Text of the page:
To place your company logo, click the “Your logo here” box and go to Insert>Picture. Find your logo on your computer and click Insert. Word will replace the text box with your company image. If your image is too large, use the transform tools to make it bigger or smaller (the transform tools are the little circles on the frame around your image when you have it selected). You can also drag the logo to any position you want inside the cell.
This template gives us the option of entering a company slogan. You can choose to do so now or remove the words all together. Since I do not have a company slogan, I’m going to remove the text. To do that, simply click the text and hit the delete key on your keyboard.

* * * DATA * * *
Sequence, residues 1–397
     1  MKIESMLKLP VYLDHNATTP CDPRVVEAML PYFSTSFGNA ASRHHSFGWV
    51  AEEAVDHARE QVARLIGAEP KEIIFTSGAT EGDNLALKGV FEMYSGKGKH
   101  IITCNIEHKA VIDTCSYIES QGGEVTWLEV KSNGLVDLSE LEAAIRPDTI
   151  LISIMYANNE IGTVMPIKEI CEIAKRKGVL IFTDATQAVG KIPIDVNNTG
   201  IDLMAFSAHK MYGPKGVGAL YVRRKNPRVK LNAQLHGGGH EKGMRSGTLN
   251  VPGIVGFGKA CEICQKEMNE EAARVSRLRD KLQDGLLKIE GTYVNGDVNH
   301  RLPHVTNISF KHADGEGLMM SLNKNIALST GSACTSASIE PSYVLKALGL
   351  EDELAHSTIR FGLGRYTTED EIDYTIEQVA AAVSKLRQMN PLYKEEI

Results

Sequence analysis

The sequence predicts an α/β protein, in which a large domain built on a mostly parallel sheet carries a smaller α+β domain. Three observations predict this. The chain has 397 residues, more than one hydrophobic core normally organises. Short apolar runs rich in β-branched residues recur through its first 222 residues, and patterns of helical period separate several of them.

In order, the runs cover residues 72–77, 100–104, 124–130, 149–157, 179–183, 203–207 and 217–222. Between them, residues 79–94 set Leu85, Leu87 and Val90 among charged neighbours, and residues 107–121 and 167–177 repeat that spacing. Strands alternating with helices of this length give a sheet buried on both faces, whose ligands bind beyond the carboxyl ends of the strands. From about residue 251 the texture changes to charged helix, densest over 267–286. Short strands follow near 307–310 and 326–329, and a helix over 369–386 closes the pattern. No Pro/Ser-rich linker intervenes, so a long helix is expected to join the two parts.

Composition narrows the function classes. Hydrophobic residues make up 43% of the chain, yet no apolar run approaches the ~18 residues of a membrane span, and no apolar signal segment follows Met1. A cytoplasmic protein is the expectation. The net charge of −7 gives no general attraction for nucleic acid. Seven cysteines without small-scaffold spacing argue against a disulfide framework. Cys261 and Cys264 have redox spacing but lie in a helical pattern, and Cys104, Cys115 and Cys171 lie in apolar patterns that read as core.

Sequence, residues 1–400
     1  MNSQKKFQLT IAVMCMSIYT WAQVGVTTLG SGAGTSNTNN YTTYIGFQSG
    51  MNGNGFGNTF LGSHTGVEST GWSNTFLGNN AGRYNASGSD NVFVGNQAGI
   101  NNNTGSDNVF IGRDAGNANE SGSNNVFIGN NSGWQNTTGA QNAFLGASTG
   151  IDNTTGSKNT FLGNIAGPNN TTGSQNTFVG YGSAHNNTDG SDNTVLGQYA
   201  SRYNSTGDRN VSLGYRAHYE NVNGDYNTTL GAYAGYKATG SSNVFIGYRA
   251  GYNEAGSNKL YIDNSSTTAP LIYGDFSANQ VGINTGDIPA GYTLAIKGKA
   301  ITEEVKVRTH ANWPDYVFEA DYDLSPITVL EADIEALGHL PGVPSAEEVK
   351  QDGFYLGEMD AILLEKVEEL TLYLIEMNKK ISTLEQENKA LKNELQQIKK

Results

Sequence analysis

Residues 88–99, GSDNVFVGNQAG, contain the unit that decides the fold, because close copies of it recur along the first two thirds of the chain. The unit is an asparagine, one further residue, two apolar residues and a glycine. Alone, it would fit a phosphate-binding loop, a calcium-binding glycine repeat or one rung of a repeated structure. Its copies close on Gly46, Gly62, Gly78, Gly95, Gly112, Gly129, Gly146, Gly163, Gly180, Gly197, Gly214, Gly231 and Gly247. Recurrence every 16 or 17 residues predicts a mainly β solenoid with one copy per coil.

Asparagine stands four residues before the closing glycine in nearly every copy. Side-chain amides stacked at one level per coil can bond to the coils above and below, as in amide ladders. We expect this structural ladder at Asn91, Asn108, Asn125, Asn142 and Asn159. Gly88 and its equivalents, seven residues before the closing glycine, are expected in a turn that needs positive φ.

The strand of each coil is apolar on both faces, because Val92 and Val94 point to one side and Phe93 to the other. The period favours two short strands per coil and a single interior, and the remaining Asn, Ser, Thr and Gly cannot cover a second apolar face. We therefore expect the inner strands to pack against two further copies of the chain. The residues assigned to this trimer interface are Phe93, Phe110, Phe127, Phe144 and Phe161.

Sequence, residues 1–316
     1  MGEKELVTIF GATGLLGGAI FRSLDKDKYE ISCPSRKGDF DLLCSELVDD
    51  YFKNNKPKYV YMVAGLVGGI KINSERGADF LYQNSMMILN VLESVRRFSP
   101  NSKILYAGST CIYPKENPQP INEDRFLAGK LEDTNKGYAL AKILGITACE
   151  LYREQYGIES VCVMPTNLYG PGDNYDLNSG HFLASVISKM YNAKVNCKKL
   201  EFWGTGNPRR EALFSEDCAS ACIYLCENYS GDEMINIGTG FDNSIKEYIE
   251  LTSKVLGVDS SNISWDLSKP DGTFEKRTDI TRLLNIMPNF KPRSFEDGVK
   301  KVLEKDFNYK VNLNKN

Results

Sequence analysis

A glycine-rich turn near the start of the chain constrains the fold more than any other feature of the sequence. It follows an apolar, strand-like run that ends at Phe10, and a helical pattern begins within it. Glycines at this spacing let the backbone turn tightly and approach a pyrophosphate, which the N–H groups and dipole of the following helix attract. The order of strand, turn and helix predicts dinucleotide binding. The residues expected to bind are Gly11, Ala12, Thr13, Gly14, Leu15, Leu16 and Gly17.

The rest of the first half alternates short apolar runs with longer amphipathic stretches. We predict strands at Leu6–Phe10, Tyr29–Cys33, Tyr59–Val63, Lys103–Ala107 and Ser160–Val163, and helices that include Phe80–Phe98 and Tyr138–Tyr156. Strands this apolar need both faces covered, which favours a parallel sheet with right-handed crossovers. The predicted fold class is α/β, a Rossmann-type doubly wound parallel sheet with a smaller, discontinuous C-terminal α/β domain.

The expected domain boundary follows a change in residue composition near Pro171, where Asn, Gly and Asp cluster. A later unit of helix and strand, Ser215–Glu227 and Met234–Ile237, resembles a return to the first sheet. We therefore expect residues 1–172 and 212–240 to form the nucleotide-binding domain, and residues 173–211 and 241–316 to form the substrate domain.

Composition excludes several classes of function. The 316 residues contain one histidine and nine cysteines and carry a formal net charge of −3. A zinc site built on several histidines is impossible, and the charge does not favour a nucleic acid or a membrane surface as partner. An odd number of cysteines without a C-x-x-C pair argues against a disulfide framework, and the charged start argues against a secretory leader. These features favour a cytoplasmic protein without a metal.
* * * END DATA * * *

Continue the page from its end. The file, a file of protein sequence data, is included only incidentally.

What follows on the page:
5. Form Title
I needed a purchase order form and this one says work order. I’m going to highlight the word “work” and type in “purchase”. Word has now bumped the title to two lines. To get it to one line, change the font size by selecting the text. A pop up menu will appear and you can quickly select the font and size. Or while in the HOME tab, the font tool bar will be at the top left of the screen.
I’m going to leave it this way because I like the way it looks and I think I will move my company name and information up next to my logo since I chose not to type in a slogan.
6. Company Information
I’m going to go ahead and type in a company name and information that I’ve made up. To do this, I’m just going to click the line I want to edit and then begin typing.
Optional: I’m going to move this up next to the logo. Highlight the information and copy it to your clip board (ctrl+c) then delete the information. Put your selector into the cell next to your logo and paste the company information in (ctrl+v).